Wednesday, May 13, 2015

A Screed about Litter

OARS: Assabet River clean-up, 2013
There are patterns to litter, and mysteries, too.  Litter is not the same as garbage or trash. The latter consist of miscellaneous items gathered about the household, and then disposed of as an assemblage - plastic bags in plastic bins, set out once a week for the garbage man to haul away. In passing, there are times families have to hastily decamp from their rent arrears or foreclosed abode, perhaps to some smaller space, perhaps a finished basement in a parents' home, where there is less space for their stuff. Said stuff, hastily stuffed into black plastic bags, ends up in rented storage. And when the rent goes unpaid and the lock is cut off the door preliminary to an auction of the locker's contents, the forlorn pile of filled plastic bags is referred to as "matching luggage."

Litter is what people discard while in motion: cigarette butts, chewed gum, food wrappings, disposable coffee cups, lottery tickets and bottles that once contained beer, wine or hard spirits. In Maynard, a small park by the footbridge over the Assabet River has been a drinkers' haven long, long before it was a park. Annual river clean-ups have removed hundreds of pounds of broken glass from the river, but as spring's high water recedes, newly exposed pieces of old glass see the light. On a shelf in my office sits an intact glass Caldwell's Rum bottle at least fifty year old. Blessedly, more of the alcohol-related litter these days is plastic rather than glass.  

Bud Light can, very flattened
Empty beer cans in the woods are mute testimony to underage drinking. Bud Light is the most common find. This preference was confirmed in a survey of 1,032 teenage drinkers, reported in the science journal Alcoholism in 2013. Almost 30% reported they had consumed Bud Light within the past 30 days. Please! If you are going to drink beer and litter, drink a beer that tastes like beer.

As mentioned above, throwing something into a river does not make it disappear. There is an annual river clean-up every August that has removed hundreds of tires (tires!) from the ConcordSudbury and Assabet Rivers, plus the expected bottles, cans, etc. And shopping carts. And bicycles. One local kayaker, self-named the Trashpaddler on his blog, is on the water about 100 times a year, photographing nature and collecting litter (also photographed). Kudos to all those who haul trash out of our local waters.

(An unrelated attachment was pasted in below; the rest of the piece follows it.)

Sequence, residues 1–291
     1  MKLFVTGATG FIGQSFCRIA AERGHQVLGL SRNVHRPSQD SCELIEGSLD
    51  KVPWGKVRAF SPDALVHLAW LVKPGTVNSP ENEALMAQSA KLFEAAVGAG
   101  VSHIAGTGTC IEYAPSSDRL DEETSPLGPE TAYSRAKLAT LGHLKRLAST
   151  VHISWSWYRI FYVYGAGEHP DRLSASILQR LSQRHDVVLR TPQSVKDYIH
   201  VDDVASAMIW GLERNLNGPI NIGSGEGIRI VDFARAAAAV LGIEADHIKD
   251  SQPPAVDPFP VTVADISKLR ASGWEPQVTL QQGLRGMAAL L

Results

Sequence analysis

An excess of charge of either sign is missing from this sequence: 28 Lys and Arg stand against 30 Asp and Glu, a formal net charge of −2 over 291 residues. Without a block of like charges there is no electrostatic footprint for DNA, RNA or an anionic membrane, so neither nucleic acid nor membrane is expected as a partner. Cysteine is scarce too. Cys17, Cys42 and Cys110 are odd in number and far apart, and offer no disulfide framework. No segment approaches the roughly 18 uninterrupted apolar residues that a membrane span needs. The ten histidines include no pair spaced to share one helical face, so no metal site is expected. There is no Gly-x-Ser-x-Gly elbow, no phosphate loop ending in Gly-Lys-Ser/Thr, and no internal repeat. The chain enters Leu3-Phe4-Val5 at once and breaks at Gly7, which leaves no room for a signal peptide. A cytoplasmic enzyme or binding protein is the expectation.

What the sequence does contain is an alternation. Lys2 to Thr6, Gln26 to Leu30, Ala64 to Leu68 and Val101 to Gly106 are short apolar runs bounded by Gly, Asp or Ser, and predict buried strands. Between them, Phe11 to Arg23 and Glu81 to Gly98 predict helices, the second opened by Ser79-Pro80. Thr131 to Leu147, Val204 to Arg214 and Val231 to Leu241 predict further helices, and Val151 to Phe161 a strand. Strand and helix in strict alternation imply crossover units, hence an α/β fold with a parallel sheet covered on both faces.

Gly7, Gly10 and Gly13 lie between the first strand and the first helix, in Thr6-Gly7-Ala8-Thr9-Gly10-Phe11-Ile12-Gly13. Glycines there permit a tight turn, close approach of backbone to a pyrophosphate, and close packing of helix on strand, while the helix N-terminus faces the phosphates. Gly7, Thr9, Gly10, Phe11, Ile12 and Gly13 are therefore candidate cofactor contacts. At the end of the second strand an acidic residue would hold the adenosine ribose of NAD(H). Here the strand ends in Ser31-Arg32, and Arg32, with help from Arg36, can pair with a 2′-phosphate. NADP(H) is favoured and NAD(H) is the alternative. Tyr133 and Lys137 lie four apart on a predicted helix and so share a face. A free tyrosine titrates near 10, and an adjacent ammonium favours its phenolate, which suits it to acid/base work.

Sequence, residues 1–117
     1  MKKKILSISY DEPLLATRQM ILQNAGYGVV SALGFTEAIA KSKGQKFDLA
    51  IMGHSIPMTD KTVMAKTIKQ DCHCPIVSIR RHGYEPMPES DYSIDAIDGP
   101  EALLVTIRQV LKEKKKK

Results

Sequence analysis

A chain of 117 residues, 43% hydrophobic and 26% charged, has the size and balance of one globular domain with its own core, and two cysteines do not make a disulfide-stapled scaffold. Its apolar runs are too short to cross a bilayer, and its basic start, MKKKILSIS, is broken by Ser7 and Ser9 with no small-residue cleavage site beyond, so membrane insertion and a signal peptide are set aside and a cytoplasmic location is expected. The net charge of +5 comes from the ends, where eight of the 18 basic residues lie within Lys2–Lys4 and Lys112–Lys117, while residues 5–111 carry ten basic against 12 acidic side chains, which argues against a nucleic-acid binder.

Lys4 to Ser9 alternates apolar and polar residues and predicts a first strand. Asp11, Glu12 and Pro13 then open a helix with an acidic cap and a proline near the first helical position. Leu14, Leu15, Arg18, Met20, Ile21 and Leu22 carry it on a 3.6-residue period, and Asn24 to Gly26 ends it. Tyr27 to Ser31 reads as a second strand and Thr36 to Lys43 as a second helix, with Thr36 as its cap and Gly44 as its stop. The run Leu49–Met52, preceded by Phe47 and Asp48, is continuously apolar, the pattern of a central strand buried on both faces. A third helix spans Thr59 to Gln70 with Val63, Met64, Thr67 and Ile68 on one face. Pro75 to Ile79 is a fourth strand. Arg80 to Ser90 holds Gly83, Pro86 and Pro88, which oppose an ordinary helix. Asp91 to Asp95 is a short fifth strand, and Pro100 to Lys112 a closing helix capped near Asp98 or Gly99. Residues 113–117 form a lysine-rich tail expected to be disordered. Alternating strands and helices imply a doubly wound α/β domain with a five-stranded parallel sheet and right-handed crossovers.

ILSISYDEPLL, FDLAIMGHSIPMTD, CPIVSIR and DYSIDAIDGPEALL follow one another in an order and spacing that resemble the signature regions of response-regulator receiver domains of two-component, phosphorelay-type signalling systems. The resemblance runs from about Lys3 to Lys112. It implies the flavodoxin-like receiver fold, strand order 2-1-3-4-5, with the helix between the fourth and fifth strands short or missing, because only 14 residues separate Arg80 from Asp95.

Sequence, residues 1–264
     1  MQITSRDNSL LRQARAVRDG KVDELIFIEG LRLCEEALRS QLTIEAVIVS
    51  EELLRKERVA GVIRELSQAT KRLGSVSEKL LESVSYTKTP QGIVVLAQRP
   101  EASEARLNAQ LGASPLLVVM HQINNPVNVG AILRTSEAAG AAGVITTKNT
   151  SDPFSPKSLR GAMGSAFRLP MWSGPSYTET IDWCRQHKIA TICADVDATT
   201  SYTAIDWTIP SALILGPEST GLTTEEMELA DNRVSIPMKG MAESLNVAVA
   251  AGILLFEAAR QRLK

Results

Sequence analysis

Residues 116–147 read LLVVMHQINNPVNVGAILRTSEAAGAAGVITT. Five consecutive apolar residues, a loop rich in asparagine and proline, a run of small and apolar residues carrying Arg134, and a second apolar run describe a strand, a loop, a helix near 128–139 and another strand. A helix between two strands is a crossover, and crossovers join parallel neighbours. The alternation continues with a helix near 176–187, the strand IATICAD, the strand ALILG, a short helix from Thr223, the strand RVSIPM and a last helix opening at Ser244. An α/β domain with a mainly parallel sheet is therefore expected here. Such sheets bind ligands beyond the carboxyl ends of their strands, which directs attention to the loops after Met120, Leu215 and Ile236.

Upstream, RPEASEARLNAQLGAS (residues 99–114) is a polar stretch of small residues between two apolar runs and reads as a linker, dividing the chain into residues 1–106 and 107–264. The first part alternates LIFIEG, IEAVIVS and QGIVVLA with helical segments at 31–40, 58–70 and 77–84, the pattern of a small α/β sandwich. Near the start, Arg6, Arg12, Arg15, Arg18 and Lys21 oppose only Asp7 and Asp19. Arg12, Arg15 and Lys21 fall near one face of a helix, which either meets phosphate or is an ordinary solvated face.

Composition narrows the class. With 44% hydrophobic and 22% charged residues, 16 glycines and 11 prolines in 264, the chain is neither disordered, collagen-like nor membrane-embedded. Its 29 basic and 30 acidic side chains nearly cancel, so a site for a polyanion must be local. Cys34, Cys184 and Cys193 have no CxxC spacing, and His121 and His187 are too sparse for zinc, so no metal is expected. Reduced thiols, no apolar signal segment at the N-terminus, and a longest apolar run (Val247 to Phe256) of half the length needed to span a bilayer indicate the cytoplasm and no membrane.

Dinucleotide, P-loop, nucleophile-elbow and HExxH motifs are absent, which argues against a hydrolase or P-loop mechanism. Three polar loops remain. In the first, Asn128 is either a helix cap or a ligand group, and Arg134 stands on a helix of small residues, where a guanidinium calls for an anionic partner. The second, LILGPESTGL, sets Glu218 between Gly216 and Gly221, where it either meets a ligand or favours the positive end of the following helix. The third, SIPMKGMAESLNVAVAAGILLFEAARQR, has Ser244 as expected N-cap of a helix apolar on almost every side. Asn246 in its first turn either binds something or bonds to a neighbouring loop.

Discarded lottery tickets are rarely found more than 100 yards from the convenience store where they were purchased. So we are talking about a person without a car spending $1 to $5 on pieces of cardboard in a hope for instant riches. Non-winning tickets are instantly discarded. No one wants to put a losing ticket into a pocket, to be dealt with later, because the losingness of the card rubs off on the holder. A suggestion here - don't buy the tickets. Instead, walk along, dropping dollar bills every few minutes. The end effect for you is the same (good-by money), but you have made strangers very happy.  

CALDWELL'S RUM bottle (pint)
Plain white foam coffee cups, ordered in bulk, cost about two cents each. But very soon you may only be able to see these in museums. City after city have banned the use of foam for food and drink. New York's law goes into effect July 1st. Dunkin' Donuts has agreed to comply (at least in New York), but McDonald's is phasing out foam nationally. Plastic water bottles, another eyesore, were banned in Concord in 2012 and recently partially banned in San Francisco. And while on the topic of bans we never saw coming, smoking in bars was just banned in New Orleans. What's next - Vegas?

Back to local litter - for the many people who live near enough to town-owned woodlands to consider dragging a Christmas trees into the woods - don't.  I have seen paths at the end of dead end streets with the entrances bracketed by decaying tree corpses ranging from freshly green (some still draped in tinsel) to years old skeletonized remains. This is not returning your tree to nature. It is littering, plain and simple, and creating a fire hazard too.